Re-Defining Physician Credentialing Management Strategies
Increased M&A activity and physician alignment strategies has caused an unprecedented increase in physician on-boarding.
Current physician credentialing management strategies are not equipped to handle this volume and require a shift from a “one to many” management structure to a “team based management structure.” Making this management shift will enable managers to increase specialization, scalability, and departmental stability.
Today’s healthcare industry is undergoing unprecedented change. Decreasing reimbursement, soaring costs, the implementation of Healthcare IT initiatives (HIT), and the hotly debated Affordable Care Act (ACA) and its most recent manifestation, Accountable Care Organizations (ACOs), have converged to re-ignite our health policy and economic discourse. Comprising approximately 18% of the gross domestic product (GDP), ideas on how to best manage the unknown future of US healthcare has generated many new and often radical solutions.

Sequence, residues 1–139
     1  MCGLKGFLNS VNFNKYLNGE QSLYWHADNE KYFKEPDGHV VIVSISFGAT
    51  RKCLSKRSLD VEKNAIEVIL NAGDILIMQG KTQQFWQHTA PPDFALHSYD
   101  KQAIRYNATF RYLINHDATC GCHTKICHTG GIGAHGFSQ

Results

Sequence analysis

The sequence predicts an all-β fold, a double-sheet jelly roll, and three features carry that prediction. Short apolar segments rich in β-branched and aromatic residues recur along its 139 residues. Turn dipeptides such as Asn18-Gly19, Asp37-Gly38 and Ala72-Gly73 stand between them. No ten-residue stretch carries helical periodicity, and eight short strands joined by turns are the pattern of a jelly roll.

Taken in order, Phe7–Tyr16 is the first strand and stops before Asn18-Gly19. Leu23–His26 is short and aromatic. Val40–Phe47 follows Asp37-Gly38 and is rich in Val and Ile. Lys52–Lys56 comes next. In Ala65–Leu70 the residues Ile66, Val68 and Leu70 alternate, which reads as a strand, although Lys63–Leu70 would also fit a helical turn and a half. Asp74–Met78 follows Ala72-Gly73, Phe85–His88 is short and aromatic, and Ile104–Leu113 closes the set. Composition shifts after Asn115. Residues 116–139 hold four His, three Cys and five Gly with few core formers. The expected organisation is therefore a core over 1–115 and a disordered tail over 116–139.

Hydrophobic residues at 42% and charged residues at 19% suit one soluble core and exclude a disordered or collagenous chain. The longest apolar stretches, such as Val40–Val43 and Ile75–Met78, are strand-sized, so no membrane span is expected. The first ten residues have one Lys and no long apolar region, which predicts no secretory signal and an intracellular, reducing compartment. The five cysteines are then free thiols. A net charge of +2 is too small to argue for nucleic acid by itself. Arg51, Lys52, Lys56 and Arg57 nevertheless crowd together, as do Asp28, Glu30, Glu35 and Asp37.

With the Patient Protection and Affordable Care Act only 11 months away from its 2014 start, the convergence of decreasing reimbursement, rapidly increasing costs, HIT, and the ACO model is playing itself out in the form of clinical, operational, and financial integration. Prior to the ACA, healthcare organizations (both hospitals and physicians) were operated and reimbursed based on a “fee for service” model. This “all you can eat” operational and reimbursement model rewarded hospitals and physicians by reimbursing the number of services provided rather than on the clinical outcome of those services. However, with the implementation of the ACO model, a sea shift in clinical, operational, and reimbursement delivery has occurred and both hospitals and physicians are now looking at reimbursement models based on the quality of care and the successful clinical outcomes of their efforts.